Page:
By in Culture

Arts Writer

Erin McDermott is a recent graduate from the U of S fine arts program. She is currently working, painting, travelling and slowly preparing for grad school. Erin sat down for a chat about Joan Mitchell, a modern American abstract artist who has influenced her work and helped her to make sense of her own style.

The Sheaf: How did you discover Joan Mitchell?

Erin McDermott: I’m not totally sure. But in school when I was bored I’d go to the 6th floor of the Murray Library and sit there searching through books for different images. I think that is how I discovered her. Also, during class critique students and professors suggest artists to check out, so it may have been from there as well.

Sheaf: What is it about her work that speaks to you?

McDermott: The way she composes her images. Mostly the formal qualities; the colour, texture, line and speed of the brush strokes are what appeal to me. It’s like when you listen to a song and immediately fall in love with it when you hear it. By viewing her, I could see some of the things in my own artwork that I wanted to express and work out or that I was having trouble with that she succeeds in doing. So it’s as if, in a sense, I was looking at a painting of my own, one that expresses and captures things that I am currently unable to.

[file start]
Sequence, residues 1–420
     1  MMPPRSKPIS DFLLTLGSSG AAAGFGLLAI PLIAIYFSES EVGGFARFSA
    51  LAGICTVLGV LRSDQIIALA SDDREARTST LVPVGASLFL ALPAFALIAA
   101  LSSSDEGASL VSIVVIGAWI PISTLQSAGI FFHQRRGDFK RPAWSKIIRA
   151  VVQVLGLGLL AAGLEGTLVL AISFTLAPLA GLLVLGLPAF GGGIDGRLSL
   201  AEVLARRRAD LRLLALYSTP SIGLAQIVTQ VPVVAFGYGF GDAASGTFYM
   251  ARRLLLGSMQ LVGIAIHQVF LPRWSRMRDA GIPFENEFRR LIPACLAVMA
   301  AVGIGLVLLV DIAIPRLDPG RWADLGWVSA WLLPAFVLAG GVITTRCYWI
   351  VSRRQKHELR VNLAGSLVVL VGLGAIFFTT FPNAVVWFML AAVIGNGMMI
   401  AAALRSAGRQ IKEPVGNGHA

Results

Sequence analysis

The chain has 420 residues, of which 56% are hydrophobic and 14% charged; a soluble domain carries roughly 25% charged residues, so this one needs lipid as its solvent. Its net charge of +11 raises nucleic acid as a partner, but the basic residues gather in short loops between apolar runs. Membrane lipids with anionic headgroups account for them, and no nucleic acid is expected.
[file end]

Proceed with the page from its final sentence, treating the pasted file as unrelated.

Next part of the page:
Joan Mitchell: Blue Tree
"Blue Tree" by Joan Mitchell - CLICK TO ENLARGE
A piece by Erin McDermott - CLICK TO ENLARGE
A piece by Erin McDermott - CLICK TO ENLARGE

Sheaf: How does your style differ from Mitchell’s?

McDermott: Well I think it’s quite different. I draw some elements from Mitchell’s but in the end its your own hand on the paintbrush so it will inevitably be different. Often her style is more organic and frenzied, while mine is slower and more meticulous. I focus on defined shapes more consistently, I think.

Sheaf: Have you seen Mitchell’s work in person?

McDermott: Yes, at the Tate Modern in London and the Pompidou Centre in Paris. We were on the main floor of the Pompidou and I was looking at all of the contemporary art and decided to go up the escalator to the second floor. As the escalator was reaching its peak, there was a huge 18-foot, three panel painting of Mitchell’s directly in front of me that filled my vision and totally blew me away.
I remember thinking about how much more impressive it was in person. You can only derive so much from textbooks and web photos. It’s like seeing your favourite movie star in real life. You can never fully appreciate how intense or beautiful they are until you see them in person.

Sheaf: Are there any websites, magazines or books you’re into right now that people should check out?

McDermott: Sure. Definitely check out It has found treasures, notes, receipts, doodles, old crafts or photos and people scan them or take photos and post them to the site with a small description of where and when they found it.
Juxtapoz magazine ( is also a favourite. My cousin gave me a big stack of old editions and I have been into ever since. They have some pretty interesting artist profiles from time to time. It isn’t “high art” or anything but it’s a nice break from the academic view of art that I was exposed to most of the time at university.